Margaret Bean’s husband’s name was Zenas, but scarcely anybody knew it, and he had almost forgotten it himself through never being addressed by it. Margaret herself spoke of her husband as “Him,” but she never called him anything, except sometimes “You.” However, he always knew when she meant him, and there was no need of specification.
Now he half thought she was appealing to his masculine authority from her bewildered air. He stiffened his meek old back. “Want me to go in there and order her out?”
“You! Go back in there and finish them dishes.”
Margaret Bean’s husband went back into the kitchen, and Margaret followed Madelon with a sly, determined air, to Lot’s room.
The great square northwest room was warm, but the frost had not yet melted from the window-panes. The room looked full of hard white lines of frost, and starched curtains, and high wainscoting; but the hardest white lines of all were in Lot Gordon’s face, sunken sharply in his pillows, showing between the stiff dimity slants of his bed-hangings as in a tent door. He looked already like a dead man, except for his eyes. It seemed as if the life in them could never die when they saw Madelon. She bent over him, darkening the light.
“Speak now!” said she.
Lot Gordon looked up at her.
“I tell you, speak! I will not bear this any longer. I am at the end.”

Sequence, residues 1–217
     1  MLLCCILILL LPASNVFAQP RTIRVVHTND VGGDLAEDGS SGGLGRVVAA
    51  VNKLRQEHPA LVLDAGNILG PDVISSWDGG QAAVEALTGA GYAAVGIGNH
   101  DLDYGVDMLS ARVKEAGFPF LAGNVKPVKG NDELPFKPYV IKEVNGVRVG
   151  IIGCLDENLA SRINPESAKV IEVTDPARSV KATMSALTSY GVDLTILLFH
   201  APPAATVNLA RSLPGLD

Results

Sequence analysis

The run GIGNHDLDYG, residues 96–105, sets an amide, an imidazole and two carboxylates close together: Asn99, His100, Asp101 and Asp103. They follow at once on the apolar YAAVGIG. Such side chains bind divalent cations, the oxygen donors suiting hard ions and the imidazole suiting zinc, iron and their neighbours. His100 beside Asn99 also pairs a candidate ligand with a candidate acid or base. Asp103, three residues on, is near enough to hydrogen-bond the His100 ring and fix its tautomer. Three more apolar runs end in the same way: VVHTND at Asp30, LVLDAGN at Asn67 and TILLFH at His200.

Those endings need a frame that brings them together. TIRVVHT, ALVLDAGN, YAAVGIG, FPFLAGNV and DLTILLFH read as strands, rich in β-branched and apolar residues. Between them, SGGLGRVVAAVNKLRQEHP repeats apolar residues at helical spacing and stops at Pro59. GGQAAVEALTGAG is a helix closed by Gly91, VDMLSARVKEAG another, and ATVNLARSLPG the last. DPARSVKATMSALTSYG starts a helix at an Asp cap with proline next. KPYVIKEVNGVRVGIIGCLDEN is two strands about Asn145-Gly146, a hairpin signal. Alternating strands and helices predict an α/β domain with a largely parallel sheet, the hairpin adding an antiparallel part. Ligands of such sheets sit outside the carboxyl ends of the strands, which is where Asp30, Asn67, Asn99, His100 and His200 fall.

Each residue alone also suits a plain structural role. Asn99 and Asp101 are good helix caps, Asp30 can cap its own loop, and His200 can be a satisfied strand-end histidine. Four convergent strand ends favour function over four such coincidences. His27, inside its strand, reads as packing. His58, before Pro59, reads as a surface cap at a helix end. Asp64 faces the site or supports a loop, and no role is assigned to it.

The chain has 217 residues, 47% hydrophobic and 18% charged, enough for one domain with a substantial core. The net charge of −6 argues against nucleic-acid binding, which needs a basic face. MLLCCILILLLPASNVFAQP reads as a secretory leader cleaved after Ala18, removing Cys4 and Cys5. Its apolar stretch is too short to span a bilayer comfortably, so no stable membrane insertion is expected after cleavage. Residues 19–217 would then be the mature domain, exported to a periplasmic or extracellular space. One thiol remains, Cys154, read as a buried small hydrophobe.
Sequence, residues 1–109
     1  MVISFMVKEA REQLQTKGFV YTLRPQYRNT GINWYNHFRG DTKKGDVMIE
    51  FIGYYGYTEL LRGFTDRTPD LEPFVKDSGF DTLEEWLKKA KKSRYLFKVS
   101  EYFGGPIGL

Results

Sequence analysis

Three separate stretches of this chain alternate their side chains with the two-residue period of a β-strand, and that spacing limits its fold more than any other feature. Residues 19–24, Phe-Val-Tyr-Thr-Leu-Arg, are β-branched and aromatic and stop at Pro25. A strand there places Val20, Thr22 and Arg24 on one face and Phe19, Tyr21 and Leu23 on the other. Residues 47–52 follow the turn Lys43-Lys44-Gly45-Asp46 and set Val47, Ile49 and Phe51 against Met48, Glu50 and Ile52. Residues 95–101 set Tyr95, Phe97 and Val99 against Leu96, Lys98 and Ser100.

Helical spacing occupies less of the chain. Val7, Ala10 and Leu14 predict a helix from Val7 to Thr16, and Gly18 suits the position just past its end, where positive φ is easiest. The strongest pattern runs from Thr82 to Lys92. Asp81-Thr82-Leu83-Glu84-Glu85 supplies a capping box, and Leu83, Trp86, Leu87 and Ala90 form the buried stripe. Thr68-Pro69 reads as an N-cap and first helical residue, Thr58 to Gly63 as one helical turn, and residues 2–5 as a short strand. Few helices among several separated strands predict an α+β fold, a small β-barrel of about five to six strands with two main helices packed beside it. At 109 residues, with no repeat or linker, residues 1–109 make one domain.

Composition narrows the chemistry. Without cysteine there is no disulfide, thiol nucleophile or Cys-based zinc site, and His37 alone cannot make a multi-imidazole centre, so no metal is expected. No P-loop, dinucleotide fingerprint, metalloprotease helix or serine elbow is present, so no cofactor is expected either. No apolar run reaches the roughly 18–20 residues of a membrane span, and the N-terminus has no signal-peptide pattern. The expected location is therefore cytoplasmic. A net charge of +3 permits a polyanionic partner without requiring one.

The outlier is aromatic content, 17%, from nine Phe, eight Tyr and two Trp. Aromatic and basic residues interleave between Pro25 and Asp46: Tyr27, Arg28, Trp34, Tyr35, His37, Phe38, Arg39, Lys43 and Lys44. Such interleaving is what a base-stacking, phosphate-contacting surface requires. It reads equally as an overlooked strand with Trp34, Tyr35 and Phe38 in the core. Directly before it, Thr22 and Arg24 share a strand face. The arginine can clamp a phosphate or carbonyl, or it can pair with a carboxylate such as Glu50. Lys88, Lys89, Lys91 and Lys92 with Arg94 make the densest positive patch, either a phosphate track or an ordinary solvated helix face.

Still Lot Gordon looked up at her silently.
Then Madelon made a quick motion in the folds of her skirt, and there was the long gleam of a hunting-knife above the man in the bed. Margaret Bean, standing by the door, shrieked faintly, but she did not stir.
“I have tried everything,” said Madelon. “This is the last. Speak, or I will make your speaking of no avail. I will strike again, and this time they shall find me beside you and not Burr. My new guilt shall prove my old, and they will hang me and not him. Speak, or, before God, I will strike!”
Then Lot Gordon spoke. “I love you, Madelon,” said he.
“Say what I bid you, Lot Gordon; not that.”
“All your bidding is in that.”
“I will clear—Burr.”
Madelon slipped her knife away, and stood back. Margaret Bean slunk farther around past the bedpost. Neither of them could see her.
“On one condition,” said Lot Gordon.
“That you marry me.”
Madelon gasped. “You?”
Lot laughed faintly, stretching his ghastly mouth. “You think it is an offer of wedlock from a churchyard knight,” he said.
“What are you talking about, Lot Gordon?”
“Marry you? I am going to prison to-day for stabbing you. If you die, I die for your murder. Marriage between us? You are mad, Lot Gordon.”
Lot Gordon opened his mouth to speak, but he coughed instead. He half raised himself feebly, and his cough shook the bed. Madelon waited until he lay back, gasping.